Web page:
People are actually happier when they make more money
People are actually happier when they make more money: Wharton's study (January 22, 2021).
While the old adage says that money can't buy happiness, several studies have shown that the more your income increases, the happier you are, up to $ 75,000 a year. Once this threshold is reached, more income doesn't matter. The happiest people in the world have an average annual salary of $ 36,000.
The happiest country in the world appears to be Finland, and in its capital, Helsinki, the average salary is £ 27,936 (about US $ 36,000). This study follows the much-discussed Princeton University study in 2010, which found that emotional well-being rises only with income up to about $ 75,000 for Americans (or $ 86,000 in today's dollars).
According to a study published by the American Psychological Association, people who make more money tend to experience more positive, self-centered emotions, while people who earn less enjoy more of their relationships and their ability to connect with others. The researchers found that this life satisfaction rate ranges from $ 35,000 in the Caribbean to $ 125,000 in New Zealand worldwide. After that, "there comes a certain moment when it seems that money no longer brings benefits to well-being, both in terms of feelings and in terms of your assessment." Once enough money has been earned to cover basic needs, day-to-day purchases, and loans, people may be motivated to earn more than others or desire material gain. And that could be the tipping point where more money leads to lower wealth.
Yes, a family of 4 can live on 100,000 $ per year. According to the US Census Bureau, the median household income in the US is approximately 73 thousand $. With this income level, you will have to travel to work and not live in the most expensive cities like Boston, San Francisco and Manhattan. But more recently, a 2018 Purdue University study used much broader Gallup World Survey data and found that the ideal income point for people is $ 95,000 for life satisfaction and $ 60 to $ 75,000 for emotional well-being.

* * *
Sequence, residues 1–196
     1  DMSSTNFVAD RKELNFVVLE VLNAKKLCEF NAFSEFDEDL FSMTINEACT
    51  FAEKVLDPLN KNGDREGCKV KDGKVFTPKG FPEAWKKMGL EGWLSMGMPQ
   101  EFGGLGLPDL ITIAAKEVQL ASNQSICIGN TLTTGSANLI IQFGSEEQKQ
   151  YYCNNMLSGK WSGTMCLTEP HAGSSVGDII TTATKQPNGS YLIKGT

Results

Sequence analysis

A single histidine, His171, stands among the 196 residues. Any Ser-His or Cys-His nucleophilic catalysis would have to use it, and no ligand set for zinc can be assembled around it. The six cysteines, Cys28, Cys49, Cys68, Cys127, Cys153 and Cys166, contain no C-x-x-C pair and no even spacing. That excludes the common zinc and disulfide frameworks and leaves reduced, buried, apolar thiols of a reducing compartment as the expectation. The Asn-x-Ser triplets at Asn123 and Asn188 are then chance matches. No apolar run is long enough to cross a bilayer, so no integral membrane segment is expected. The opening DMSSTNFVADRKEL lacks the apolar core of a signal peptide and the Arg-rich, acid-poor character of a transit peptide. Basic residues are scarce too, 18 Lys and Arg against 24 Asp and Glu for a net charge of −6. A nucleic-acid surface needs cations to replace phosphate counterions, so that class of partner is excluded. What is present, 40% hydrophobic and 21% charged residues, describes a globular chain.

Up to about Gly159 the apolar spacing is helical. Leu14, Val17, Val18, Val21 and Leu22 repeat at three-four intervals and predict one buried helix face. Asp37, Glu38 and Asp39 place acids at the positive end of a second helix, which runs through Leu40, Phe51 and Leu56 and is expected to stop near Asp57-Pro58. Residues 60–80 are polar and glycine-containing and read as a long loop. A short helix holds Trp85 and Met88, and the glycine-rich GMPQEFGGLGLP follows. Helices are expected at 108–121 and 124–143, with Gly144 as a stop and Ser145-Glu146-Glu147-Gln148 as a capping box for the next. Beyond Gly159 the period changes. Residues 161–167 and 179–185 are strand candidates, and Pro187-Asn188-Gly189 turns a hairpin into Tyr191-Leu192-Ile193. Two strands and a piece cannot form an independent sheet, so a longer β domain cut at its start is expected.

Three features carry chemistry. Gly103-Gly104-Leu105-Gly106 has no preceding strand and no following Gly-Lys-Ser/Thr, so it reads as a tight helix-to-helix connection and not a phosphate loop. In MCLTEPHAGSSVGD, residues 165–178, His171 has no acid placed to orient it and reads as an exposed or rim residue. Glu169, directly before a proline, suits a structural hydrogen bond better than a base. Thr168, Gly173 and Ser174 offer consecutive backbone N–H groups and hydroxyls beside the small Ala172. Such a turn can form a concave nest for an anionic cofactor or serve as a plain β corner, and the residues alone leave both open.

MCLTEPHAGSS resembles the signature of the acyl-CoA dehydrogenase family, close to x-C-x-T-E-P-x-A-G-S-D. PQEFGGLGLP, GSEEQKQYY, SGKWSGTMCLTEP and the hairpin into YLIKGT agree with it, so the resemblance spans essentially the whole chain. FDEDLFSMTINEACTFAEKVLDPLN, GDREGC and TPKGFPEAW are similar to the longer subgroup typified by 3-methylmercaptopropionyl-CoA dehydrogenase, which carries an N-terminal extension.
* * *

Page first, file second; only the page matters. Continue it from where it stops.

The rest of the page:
When people earned over $ 105,000, their level of happiness declined.
But even a decade later, experts say the amount of money people need to be happy will still be roughly equal to the median income of US residents, which, according to the latest 2018 US Census, is $ 63,179. "Money gives people the freedom to choose how they live," said Matthew Killingsworth, study author and senior fellow at Wharton who studies human happiness.
When experts measure happiness in research, they take into account people's emotional well-being, or how they feel on a day-to-day basis, and how satisfied they are with how their overall life is shaping up. For this new study, 33,391 hired people (ages 18 to 65) used a smartphone app that encouraged them to test their emotions throughout the day. The app asked them to rate: "How are you feeling now?" and "How satisfied are you with your life overall?" The findings are based on seven years of data collection. Make It that the relationship will continue regardless of the length of time. The data showed that all forms of wealth continued to grow with income across a wide range of income levels, and Killingsworth said it did not stop at $ 75,000 a year. “On an individual level, this suggests that as people move up the career ladder and their incomes rise, it can actually make their lives better (rather than hitting the ceiling when they hit $ 75,000),” says Killingsworth. ... At a broader social level, this could mean that “continued economic growth over the coming decades may still have the potential to improve human well-being,” he says.
So how is this discovery so different from previous research?
Previous studies on money and happiness have looked at how much people are generally satisfied with their lives. It depends on the ability of people to “remember exactly how they felt at different times in the past, and then accurately combine those memories into a single assessment,” the study authors write. But this study looked at how people feel during moments of life (experienced well-being) and how people assess their lives when they pause and reflect (estimated well-being).
During the Covid pandemic, income may make a bigger difference to people's happiness, Killingsworth said. For Example if you have a financial cushion, it will be easier for you to get through the period of unemployment, and if you have a high-paying job, you may be able to work from home and save - above all, your job, and all this will give you more free will in your life, ”he says. Ultimately, Killingsworth says income is only one factor in a person's happiness, but not the most important one. “If anything, people probably pay too much attention to money when they think about how well their life is going,” he said in a press release.
In fact, besides money, there are many factors that contribute to human happiness: other studies have shown that social relationships and connections are the most important factors in promoting happiness. Another thing to consider is how our work and earnings fit into our concept of success. In the Wharton study, people were asked, "To what extent do you think money is a sign of success in life?" Those who equated money with success were less happy than those who did not hold the same view. Other studies have shown that when people have jobs that give them meaning or purpose, they are happier, no matter how much money they make.